'Boom town logic' blights masters

March 7, 1997

standards in taught masters courses may be suffering because of the boom in demand.

Peter Knight, senior lecturer in the educational research department at Lancaster University, says more research is needed to escape the danger of a decline in quality arising from the "boom town logic of crowded markets".

The number of postgraduates rose from just over 100,000 in 1979 to 315,000 by 1994/95, 82 per cent of whom were on a taught course.

He told a meeting of the Society for Research into Higher Education in London this week that institutions may be starting masters programmes while lacking the academic rigour and expertise to offer appropriate quality.

Dr Knight, whose Masterclass: learning, teaching and curriculum in taught master's degrees is to be published this year, said: "One reason for worrying about standards is the paucity of relevant research into curriculum, learning, teaching, assessment and quality.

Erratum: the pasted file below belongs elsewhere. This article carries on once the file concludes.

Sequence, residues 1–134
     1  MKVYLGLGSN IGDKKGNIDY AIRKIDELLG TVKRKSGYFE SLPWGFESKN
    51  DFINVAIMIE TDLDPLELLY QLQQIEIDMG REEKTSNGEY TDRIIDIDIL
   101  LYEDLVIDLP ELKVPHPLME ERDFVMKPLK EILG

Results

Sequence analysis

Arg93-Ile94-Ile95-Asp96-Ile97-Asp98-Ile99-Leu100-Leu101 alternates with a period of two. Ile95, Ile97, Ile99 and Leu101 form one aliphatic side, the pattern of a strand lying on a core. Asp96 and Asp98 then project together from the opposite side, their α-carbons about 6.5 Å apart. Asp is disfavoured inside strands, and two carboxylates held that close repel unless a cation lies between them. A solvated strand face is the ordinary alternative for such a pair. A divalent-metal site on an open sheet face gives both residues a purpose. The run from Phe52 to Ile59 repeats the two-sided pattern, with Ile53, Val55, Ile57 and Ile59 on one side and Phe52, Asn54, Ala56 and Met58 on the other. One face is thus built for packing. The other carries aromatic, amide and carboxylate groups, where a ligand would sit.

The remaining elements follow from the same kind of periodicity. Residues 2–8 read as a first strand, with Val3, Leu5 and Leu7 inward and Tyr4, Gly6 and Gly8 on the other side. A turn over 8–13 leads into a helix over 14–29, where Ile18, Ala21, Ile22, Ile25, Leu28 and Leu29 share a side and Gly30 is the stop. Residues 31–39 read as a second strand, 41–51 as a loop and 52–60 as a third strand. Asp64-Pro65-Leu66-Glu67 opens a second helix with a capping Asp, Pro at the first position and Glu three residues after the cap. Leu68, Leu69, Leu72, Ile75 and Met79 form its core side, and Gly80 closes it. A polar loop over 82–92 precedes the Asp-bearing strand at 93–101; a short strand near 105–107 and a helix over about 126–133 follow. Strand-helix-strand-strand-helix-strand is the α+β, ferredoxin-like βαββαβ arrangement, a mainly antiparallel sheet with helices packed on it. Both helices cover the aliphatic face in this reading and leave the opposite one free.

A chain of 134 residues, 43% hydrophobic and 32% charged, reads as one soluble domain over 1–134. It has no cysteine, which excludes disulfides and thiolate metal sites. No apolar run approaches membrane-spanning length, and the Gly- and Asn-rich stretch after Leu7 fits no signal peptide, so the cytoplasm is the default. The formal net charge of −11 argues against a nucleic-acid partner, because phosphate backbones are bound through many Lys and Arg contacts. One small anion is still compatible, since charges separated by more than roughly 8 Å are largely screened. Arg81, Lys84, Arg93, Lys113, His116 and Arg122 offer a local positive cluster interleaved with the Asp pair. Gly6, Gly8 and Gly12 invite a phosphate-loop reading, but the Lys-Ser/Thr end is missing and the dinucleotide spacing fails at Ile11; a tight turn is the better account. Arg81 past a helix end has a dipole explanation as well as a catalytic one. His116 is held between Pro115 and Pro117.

What is happening appears to be based on enthusiasm, experience and exigency, which are not normally seen by academics as the best guides to action."

Dr Knight suggested that taught master's standards and quality might be overseen by a new single quality agency.

* Research opportunities, pages I-XXXVI

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